7.3/10
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Ein starker Abgang (2008)

Heinz Kilian, an elder, near-forgotten misanthropic author, suffers all day from an ever-grumbling stomach. Referred to a specialist, grumpy Kilian grudgingly accepts as his last hope a ... See full summary »

Director:

Rainer Kaufmann

Writer:

Martin Rauhaus
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2 nominations. See more awards »

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Cast

Cast overview, first billed only:
Bruno Ganz ... Heinz Kilian
Monica Bleibtreu Monica Bleibtreu ... Vera Hartel
Harald Schrott ... Behling
Fritzi Haberlandt ... Cowgirl
Ulrich Noethen ... Arzt 2
August Zirner ... Dr. Kübler
Leslie Malton Leslie Malton ... Bewunderin
Stefan Kurt ... Dr. Pögen
Jörg Gudzuhn Jörg Gudzuhn ... Dr. Bergenthal
Gustav-Peter Wöhler ... Patient Gerhard (as Gustav Peter Wöhler)
Adriana Altaras Adriana Altaras ... Consuela
Julia Philippi Julia Philippi ... (as Julia Katharina Philippi)
Sabine Winterfeldt Sabine Winterfeldt ... Kassiererin
Jens Winter ... Portier
Klaus Gehrke Klaus Gehrke
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Storyline

Heinz Kilian, an elder, near-forgotten misanthropic author, suffers all day from an ever-grumbling stomach. Referred to a specialist, grumpy Kilian grudgingly accepts as his last hope a diet consultant. Kilian instantly shares only mutual dislike with Vera Hartel, who infuriates him being as stubborn and immovable, simply taking treats from his plate. She accompanies him with the charming firm driver Behling on a lecture and signing tour tough Germany to promote his latest novel, scheduled by editor Dr. Pögen, Heinz's godfather's son, who alas fears the publishing house is also going down, and Kilian never sold profitably. All the way he bicker with Vera Hertel, an ongoing duel of misanthropy and cynicism against optimism, agreeing on little more then old-fashioned language skills and supporting Behling's unlikely hope for romantic happiness with a crazy girl. Diagnosed with a rare, inoperable tumor, Kilian reconsiders everything. Written by KGF Vissers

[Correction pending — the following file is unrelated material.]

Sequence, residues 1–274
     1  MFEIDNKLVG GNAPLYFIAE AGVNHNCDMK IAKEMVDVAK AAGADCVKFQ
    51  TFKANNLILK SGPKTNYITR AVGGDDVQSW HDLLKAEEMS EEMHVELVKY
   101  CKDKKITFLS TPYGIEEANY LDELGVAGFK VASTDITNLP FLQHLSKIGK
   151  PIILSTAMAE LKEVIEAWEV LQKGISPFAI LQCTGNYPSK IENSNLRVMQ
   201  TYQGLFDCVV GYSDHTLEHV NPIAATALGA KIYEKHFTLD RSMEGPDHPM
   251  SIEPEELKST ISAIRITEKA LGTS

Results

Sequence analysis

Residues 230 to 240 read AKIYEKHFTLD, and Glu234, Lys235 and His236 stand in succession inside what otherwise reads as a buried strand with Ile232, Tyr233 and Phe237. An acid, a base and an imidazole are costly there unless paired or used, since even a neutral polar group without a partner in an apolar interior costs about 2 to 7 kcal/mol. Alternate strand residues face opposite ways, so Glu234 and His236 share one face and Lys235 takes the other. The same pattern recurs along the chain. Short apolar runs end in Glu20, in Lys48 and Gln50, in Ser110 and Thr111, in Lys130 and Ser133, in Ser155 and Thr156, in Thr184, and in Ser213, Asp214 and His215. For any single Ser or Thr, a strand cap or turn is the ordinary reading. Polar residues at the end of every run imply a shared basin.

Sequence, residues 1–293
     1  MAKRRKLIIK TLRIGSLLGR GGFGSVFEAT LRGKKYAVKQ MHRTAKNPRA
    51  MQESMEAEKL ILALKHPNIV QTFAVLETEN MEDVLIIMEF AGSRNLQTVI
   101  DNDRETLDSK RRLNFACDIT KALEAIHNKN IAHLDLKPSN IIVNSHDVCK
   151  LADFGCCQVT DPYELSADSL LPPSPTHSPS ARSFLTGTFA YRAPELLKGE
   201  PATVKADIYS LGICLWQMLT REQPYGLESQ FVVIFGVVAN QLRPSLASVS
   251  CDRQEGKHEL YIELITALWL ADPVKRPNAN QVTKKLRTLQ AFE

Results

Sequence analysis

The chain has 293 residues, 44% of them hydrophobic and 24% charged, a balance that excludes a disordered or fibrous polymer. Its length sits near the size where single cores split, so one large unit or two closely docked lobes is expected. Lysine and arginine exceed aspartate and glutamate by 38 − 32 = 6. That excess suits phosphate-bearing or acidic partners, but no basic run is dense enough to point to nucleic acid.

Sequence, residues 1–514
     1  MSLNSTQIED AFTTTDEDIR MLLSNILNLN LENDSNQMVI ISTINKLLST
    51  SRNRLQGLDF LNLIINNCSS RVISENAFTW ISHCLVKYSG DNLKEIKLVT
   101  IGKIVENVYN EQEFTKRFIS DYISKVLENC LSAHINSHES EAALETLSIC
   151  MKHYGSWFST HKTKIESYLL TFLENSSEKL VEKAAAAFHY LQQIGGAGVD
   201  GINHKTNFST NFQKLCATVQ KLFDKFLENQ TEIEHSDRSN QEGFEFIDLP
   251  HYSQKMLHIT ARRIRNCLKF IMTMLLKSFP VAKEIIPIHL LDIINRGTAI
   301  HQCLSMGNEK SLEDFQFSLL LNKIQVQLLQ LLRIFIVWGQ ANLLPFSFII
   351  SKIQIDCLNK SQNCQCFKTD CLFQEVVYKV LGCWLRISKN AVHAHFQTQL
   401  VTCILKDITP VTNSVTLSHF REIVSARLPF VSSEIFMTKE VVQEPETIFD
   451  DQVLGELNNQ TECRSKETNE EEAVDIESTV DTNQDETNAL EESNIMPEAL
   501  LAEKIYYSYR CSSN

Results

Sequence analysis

Plot Summary | Plot Synopsis

Genres:

Comedy | Drama

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Details

Country:

Germany

Language:

German

Release Date:

25 July 2008 (Germany) See more »

Also Known As:

Das Grummeln See more »

Filming Locations:

Berlin, Germany

Company Credits

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Technical Specs

Runtime:

Color:

Color
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User Reviews

 
Sunday afternoons are the worst
4 May 2009 | by richard_sleboeSee all my reviews

Pretty spaced out for a made-for-TV movie. Bruno Ganz is a grumpy writer touring provincial book stores. Ironically, we see him reading (newspapers, notes, his own work), but never writing. By contrast, his dreamy driver (Harald Schrott) is a closet word-smith and secretly writes poetry whenever he doesn't drive. His romantic disposition makes him an easy target for the flirty tramp (Fritzi Haberlandt) performing a Dixie Chicks number in a small-town Hessian lending library, dolled up in a flimsy floral frock and high-heeled Cowboy boots. Not unlike a female version of Brad Pitt's part in "Thelma and Louise". Better legs though. To top things off, the score is an obvious rip-off of "Dead Man", Neil Young's masterpiece. Director Rainer Kaufmann has good instincts, but in the end, prime time cliché always gets the better of him. Bottom line: well-made, partly original, but ultimately conventional. Essentially unwatchable.


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